by Karen Laurie
MUMBAI, NOV 7, 2016: Pope Francis in his apostolic exhortation 'Amoris Laetitia' speaks of families as the primary setting for socialisation, helping the future generation learn issues of primary importance, namely of 'faith', 'hope' and 'charity'.
Father Fabio Attard, the Salesian General Councillor for Youth Ministry, in the South Asia Youth Ministry Regional meeting held at Don Bosco High School in Matunga from November 1 to 3, stressed on the importance of the Salesians expanding their scope of focus by including the family unit to their already existing youth-centric ministry.
"First and foremost we need to strengthen our sense of journeying with families," Father Attard said while reflecting on the importance of Salesians pushing for more family involvement in their institutions to help raise a generation with stronger values.
"They need to know that we are there for them," he said. "We will come and visit your house, we send you that card, we say 'how are you keeping'. There is a second level that is more engaging and the parents would need to help and get involved, to organise experiences which are consistent, systematic in a way that they become systemic, both in relation to family life and in relation to the school itself."
Salesians of 2016 are urged to use the Holy Father's encyclical as a prism to challenge pre-existing perceptions, processes and proposals. "How are we allowing our processes to facilitate, to empower our parents, to be agents with us in educating their children," Father Attard questioned, "That is hugely challenging for us as Salesians. Look at the problematic situation of our young people, not as something that we lament about but as an opportunity. If we believe that love is generative. If we believe that love is fruitful, how is that influencing our pastoral approaches."
Salesians are urged to connect not just with youth, but also with the hearts and minds of their parents so that, 'the school becomes a family and the family becomes a school.' "Whenever young people see that my parents or guardians are in alliance with the school," this goal is achieved Father Attard added.
Schools must seek to capture the different areas where interest and possible connectedness can be garnered in a bid to tap and bring forth the right values in future generations. "How are we allowing our processes to facilitate, to empower our parents, to be agents with us in educating their children. You might have parents who are not believers but are ready to help, you might have parents who are not practicing Catholics, or any other religion, but if you tell them you have a parent-education programme, they would come. Now, we need to create various spaces, where convergence can be created in view of synergy."
"Let's take this school, for example, If I as the head master, I have parents who are both working because they have mortgage to pay and they need my help and say 'Father, can I come at 8'o clock at night? If I am an office-minded person, I'd say 'Oh, I'm so sorry, the office is closed at eight. Can a Salesian school limit its answer to saying 'the office is closed'? It's a heresy, a scandal. I need to say, 'Is 8 O'clock okay for you? Excellent'. When they come to our house I don't take them to the office, I take them to the refectory and offer them a cup of tea. What's the message I am giving? We do a lot of talking about welcoming but we need to walk the talk."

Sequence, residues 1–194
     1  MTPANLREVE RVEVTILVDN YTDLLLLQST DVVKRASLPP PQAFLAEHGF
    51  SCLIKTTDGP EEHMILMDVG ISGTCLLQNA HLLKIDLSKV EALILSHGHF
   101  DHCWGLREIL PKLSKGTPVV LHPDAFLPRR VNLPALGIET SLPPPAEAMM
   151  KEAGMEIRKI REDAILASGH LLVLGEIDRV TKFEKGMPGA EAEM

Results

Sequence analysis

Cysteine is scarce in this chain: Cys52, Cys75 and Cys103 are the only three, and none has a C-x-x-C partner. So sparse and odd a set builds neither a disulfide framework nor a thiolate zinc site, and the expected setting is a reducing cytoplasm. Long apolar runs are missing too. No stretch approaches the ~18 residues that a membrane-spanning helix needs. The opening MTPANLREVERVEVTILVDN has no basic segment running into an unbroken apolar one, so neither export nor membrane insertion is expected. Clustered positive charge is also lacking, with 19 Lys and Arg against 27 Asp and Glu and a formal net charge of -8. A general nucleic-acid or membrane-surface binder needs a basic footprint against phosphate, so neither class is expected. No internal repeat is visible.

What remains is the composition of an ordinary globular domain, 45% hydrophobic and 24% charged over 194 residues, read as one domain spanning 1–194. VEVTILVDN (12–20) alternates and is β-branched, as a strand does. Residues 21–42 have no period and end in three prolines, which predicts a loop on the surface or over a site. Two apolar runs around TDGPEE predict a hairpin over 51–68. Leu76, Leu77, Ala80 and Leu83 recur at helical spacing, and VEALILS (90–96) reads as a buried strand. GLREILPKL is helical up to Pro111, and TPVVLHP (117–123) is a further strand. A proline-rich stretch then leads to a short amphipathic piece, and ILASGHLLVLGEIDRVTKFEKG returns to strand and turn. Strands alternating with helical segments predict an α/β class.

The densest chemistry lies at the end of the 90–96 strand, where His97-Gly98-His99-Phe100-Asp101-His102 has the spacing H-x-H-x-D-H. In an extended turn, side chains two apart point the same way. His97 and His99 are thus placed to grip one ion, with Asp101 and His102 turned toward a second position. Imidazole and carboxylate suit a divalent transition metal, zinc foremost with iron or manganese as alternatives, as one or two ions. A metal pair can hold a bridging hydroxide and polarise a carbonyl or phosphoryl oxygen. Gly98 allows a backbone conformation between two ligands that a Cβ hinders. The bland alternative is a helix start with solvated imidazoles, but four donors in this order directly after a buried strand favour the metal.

Making a strong connection with youth and their parents is essential. Delegates at the Youth Ministry Regional meet were reminded of the approach that a young Don Bosco took when he began his ministry.
"When Don Bosco came to Turin, his mentor Father Cafasso didn't ask him to organise Catechism lessons, he didn't ask him to organise games, he said go to the prisons to get to know the malice and misery of human kind."
Connecting with youth, even in the times of Don Bosco, was crucial. "Our call today is to put ourselves at the service of young people. And hear their story. And in the measure that I listen to their story, they listen to my witness. Otherwise we are just creating formal situations. Once this formality is over the chapter is closed," Father Attard said.
Today, books have given way to Think pads, post cards to emails and telegrams to Watsapp-like instant messaging platforms. In times of constant change in communication models world over, Salesians are urged to ideate new responses to new problems, chart new paths to new destinations.
"What we are doing is we are offering answers to all the questions that are not there anymore as we have new questions. So, we are using a language that young people respect but do not understand and they don't see the reason why they should understand it," Father Attard added.
"We risk being near, yet so far. Not intercepting their desires and their expectations. The moment that I connect with young people today, I discover a beauty that I am not able to connect with unless I have the desire to be part of their story."
Pope Francis, through his encyclical, has shone a flashlight on the importance of family life. The Salesians, through discourses given by Father Attard and other senior figures in the congregation, have followed the Holy Father's cue to be more inclusive in their day-to-day activities of moulding and guiding not just the youth but the family unit in general to make for a better tomorrow.